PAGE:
Foreign Banks Got Majority of Secret Fed Loans

Court forces Fed to release info
By Kevin Spak,  Newser Staff
Posted Apr 1, 2011 8:00 AM CDT
Foreign Banks Got Majority of Secret Fed Loans
Federal Reserve Chairman Ben Bernanke testifies on Capitol Hill, May 12, 2011, before a Senate Banking Committee hearing on the status the Dodd-Frank implementation.   (AP Photo/Harry Hamburg)

When the Federal Reserve opened its “discount window” at the height of the financial crisis, a lot of foreign banks lined up. The 97-year-old program hit an all-time high during October 2008, and during its peak week, 70% of the $110.7 billion doled out went to foreign banks, according to data the Fed has long tried to keep secret. Bloomberg obtained the documents after winning a court case over its Freedom of Information Act request.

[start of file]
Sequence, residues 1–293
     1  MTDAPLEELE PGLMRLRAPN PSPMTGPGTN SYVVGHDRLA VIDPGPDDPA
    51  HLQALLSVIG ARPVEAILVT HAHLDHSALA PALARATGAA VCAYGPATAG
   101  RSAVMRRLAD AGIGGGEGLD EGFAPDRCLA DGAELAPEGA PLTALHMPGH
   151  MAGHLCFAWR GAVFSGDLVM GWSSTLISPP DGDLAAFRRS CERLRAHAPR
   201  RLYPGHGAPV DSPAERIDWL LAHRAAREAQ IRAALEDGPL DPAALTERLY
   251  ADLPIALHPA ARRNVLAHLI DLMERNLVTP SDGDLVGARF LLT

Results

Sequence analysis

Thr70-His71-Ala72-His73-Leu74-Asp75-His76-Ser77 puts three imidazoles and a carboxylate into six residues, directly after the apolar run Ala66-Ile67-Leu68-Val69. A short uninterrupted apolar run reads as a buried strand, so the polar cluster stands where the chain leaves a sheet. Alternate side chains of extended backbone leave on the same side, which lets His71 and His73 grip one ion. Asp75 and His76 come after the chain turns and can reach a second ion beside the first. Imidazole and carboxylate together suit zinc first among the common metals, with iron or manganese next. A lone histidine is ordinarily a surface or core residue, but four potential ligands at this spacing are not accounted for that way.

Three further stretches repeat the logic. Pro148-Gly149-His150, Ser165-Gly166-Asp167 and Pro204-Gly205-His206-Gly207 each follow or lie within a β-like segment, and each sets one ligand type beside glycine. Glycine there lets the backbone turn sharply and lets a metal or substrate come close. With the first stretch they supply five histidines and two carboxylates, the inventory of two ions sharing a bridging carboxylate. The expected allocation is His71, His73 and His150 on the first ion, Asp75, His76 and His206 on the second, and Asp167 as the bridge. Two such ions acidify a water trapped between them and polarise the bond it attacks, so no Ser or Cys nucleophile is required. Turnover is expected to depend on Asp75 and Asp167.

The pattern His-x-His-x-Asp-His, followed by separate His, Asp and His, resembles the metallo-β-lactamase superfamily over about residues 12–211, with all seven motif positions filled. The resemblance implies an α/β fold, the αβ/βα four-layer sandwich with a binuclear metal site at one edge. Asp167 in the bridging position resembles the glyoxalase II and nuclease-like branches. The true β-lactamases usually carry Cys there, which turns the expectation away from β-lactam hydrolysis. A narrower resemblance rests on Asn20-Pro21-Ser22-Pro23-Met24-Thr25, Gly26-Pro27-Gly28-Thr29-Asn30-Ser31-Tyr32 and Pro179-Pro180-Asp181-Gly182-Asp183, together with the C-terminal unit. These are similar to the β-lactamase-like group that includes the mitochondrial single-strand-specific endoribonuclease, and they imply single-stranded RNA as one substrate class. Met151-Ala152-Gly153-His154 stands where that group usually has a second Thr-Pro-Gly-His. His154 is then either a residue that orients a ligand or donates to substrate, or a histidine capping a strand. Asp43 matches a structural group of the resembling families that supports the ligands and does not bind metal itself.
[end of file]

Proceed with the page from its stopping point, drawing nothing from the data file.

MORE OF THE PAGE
The Fed had argued that revealing who borrowed from the window would put a stigma on those companies in the market. The foreign borrowers included a bank that makes loans to local governments in Belgium, a fishing-cooperative financier from Japan, and even a company co-owned by the Central Bank of Libya, among others. Of the top five banks who used the program at its height, only one—Wachovia—was American. (Read more Federal Reserve stories.)

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